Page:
TWO LONG-WARRING teacher unions -- at odds for more than 30 years -- have agreed to sit down in an effort to present a united front when the General Assembly convenes in January.
Bearing olive branches are the leaders of the Maryland State Teachers Association, the larger of the two with 45,000 members, and the Federation of Maryland Teachers & Public Employees. It has a membership of nearly 11,000, including the 7,400 members of the Baltimore Teachers Union.
"It doesn't mean a merger is imminent, but we are no longer viewing ourselves as rival organizations," MSTA President Karl K. Pence said last week.
"We're talking about working together finding those areas where we can cooperate," said Thomas O. Flood, administrator of the Federation of Maryland Teachers & Public Employees.
In the new spirit of cooperation, six representatives of each union will be at the table this fall developing a legislative agenda that will be put to the test Dec. 13, when leaders present it to members.
High on the list of priorities in Annapolis will be the issue of pensions -- Maryland's are among the worst in the nation for teachers and state employees -- as well as student performance, teacher qualifications and standards, and staff development, union officials said.
The pension issue could end up being politically costly for legislators. In the 1986 state elections, teacher unions campaigned vigorously, bitterly and with success against lawmakers who had voted to scale back pension benefits.
The effort between the two state unions mirrors a mating dance on the national level between the National Education Association and the American Federation of Teachers AFL-CIO, which have been holding on-again, off-again merger discussions for nearly four years.
In Maryland, the MSTA is affiliated with the National Education Association, while the state AFT affiliate is the Federation of Maryland Teachers & Public Employees.
Each is expected to make its own endorsements in next year's state elections, but there is talk of uniting behind some candidates -- particularly those incumbents who made the tough vote for a five-year, $254 million aid package for Baltimore schools when the General Assembly decided that divisive issue.
"Many legislators cast a very good vote for the state of Maryland, instead of in a very narrow, politically self-protective way," said Pence, whose membership is primarily suburban and rural teachers.
"That delegate needs people in his hometown, like teachers, to say, 'It's a good vote for Baltimore, but it's also a good vote for the whole state,' " he said.
First director named for Legislative Services
The folks who make the General Assembly look good have a new boss.
Karl S. Aro, a longtime analyst and head of research for the legislature, was named last week as the first executive director of the new Department of Legislative Services.
Senate President Thomas V. Mike Miller and House Speaker Casper R. Taylor Jr. announced the appointment after a bipartisan screening committee of legislators reviewed more than 200 resumes from around the nation and recommended him.
Aro, who has worked 18 years for the legislature, takes the $104,000-a-year post Monday.
"The immediate challenge is to continue to provide to the General Assembly the level of service they've come to expect," said Aro, 44, of Silver Spring.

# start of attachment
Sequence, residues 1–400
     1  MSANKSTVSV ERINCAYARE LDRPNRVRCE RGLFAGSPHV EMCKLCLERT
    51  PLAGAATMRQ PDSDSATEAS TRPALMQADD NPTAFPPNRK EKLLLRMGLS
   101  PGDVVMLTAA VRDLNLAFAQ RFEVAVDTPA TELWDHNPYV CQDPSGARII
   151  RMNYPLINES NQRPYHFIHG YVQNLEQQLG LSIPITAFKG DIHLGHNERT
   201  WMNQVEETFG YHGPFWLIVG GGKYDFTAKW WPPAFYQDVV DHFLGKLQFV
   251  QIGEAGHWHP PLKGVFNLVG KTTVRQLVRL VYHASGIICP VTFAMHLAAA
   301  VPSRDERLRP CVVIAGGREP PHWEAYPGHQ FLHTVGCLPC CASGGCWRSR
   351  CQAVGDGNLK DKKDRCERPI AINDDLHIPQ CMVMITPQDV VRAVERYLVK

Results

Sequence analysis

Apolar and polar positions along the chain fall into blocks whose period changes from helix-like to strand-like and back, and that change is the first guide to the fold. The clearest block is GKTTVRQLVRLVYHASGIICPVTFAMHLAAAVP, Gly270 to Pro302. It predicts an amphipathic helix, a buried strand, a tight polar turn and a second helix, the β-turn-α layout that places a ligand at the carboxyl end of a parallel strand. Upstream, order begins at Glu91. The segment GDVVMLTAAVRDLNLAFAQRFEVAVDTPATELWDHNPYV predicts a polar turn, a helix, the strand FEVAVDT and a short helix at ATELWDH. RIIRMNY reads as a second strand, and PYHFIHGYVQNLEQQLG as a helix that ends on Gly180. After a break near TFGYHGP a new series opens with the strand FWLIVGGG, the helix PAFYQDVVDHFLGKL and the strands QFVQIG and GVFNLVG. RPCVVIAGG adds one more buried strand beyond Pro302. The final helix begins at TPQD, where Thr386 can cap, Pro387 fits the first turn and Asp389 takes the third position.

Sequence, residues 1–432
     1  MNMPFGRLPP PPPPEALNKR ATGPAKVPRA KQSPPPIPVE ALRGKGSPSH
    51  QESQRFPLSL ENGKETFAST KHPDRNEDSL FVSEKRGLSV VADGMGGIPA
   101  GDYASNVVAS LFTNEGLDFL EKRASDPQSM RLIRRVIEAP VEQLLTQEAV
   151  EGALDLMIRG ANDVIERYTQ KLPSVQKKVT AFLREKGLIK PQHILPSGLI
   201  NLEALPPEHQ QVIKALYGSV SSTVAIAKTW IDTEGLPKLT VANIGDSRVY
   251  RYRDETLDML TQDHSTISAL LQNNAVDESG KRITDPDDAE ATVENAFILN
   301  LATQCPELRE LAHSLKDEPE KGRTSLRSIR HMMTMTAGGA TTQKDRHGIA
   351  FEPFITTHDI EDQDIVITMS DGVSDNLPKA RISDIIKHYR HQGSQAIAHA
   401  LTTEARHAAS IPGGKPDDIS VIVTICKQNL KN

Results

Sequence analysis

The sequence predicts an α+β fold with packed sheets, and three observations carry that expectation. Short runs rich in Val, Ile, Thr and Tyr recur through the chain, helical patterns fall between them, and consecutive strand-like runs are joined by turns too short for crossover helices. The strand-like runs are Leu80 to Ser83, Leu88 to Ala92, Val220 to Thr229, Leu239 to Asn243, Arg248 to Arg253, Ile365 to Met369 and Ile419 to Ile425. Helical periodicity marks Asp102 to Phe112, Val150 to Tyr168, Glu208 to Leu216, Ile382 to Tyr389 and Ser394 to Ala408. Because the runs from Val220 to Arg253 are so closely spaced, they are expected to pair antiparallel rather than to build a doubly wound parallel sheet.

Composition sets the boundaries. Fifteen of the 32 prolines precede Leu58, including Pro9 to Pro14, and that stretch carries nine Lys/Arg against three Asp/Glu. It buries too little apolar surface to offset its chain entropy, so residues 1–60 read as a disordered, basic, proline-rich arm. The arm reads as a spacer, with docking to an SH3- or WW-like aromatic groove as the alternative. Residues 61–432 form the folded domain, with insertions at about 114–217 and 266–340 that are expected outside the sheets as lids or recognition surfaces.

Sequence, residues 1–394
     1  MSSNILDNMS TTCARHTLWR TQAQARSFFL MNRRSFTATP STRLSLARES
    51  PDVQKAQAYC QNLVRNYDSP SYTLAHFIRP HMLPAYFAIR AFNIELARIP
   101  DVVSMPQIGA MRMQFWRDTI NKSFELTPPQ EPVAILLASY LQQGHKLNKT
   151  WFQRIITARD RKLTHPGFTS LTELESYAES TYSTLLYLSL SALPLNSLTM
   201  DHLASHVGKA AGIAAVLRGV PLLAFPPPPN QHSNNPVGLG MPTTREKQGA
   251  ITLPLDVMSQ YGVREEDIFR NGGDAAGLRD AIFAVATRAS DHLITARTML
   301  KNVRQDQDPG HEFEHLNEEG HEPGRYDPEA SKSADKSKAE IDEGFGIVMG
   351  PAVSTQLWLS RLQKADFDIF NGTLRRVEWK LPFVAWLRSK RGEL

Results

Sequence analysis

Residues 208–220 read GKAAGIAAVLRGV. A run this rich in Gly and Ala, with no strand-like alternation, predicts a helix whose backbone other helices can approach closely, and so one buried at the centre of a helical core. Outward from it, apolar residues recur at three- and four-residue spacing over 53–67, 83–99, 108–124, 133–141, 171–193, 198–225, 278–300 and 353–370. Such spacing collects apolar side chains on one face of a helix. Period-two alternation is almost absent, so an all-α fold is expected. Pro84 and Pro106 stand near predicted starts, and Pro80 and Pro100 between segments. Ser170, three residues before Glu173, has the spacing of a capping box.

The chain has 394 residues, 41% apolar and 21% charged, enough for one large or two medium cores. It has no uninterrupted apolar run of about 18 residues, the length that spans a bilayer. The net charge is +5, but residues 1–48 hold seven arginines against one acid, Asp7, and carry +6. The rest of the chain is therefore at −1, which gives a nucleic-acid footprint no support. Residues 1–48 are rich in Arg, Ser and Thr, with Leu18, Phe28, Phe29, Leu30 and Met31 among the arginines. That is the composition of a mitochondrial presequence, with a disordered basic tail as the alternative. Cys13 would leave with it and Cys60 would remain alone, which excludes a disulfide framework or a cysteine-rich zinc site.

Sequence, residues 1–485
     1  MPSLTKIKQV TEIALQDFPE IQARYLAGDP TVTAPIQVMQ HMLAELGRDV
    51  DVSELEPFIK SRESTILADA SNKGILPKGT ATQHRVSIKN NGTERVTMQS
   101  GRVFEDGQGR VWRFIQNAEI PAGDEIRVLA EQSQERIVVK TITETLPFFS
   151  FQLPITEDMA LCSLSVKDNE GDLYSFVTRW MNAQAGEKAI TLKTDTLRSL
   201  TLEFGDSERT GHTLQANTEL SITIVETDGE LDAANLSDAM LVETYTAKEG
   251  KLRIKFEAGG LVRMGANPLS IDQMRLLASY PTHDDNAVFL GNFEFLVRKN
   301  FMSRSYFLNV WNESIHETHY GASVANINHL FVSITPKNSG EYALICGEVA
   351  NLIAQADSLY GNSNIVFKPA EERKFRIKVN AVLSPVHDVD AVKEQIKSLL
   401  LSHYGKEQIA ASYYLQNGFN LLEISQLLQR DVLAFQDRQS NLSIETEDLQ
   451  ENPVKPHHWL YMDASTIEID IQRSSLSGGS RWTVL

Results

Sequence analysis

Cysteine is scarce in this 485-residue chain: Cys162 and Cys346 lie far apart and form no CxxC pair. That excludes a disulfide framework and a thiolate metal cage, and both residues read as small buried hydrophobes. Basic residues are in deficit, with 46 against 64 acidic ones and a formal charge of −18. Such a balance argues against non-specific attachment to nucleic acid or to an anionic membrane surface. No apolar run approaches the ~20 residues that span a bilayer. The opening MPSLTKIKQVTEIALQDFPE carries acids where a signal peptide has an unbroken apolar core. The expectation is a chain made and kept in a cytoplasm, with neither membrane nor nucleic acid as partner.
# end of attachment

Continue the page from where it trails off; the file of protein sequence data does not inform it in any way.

It is no small effort. The agency has a $22.5 million annual budget and nearly 400 employees during the 90-day legislative session.
Aro's department -- created this year by combining the Department of Fiscal Services, Department of Legislative Reference and the Office of Legislative Data Processing -- is the support system for lawmakers.
The men and women of the department are charged with digesting the state's annual budget, evaluating public policy and advising on the impact of changes in the law.
Outside of Annapolis, they are virtually anonymous, but around State Circle they are known as the brains of the operation.
Also named last week to a key position in the department was Warren G. Deschenaux. He, too, has worked for the legislature for 18 years -- the past seven overseeing the analyses of the state's annual operating budget.
Deschenaux, 44, an Annapolis resident and lawyer, will be director of the department's new Office of Policy Analysis -- made up of all the legislature's analysts, committee staff, bill-drafters and researchers.
The merger of the three agencies coincided with the retirement this year of William S. Ratchford II, the former director of fiscal services, and F. Carvel Payne, the former director of legislative reference.
Ratchford, the legislature's highly regarded fiscal wizard, has been the contractual interim director of the department since the law creating it took effect July 1. After 29 years, his last day of state service is Friday.
Povich moving on at Common Cause
Deborah Povich, the government watchdog in Annapolis, is stepping down as executive director of Common Cause/Maryland.
Povich, 45, told her board last week she is leaving this fall after nine years with the organization, the last 3 1/2 years as boss.
She has been both applauded as a tireless sentinel and disparaged as a thorn in the side of lobbyists, legislators and other elected officials for her careful, unofficial oversight of state ethics and campaign finance laws.
Povich has volunteered to stick around until another director is hired, probably by Oct. 1.
Pub Date: 8/26/97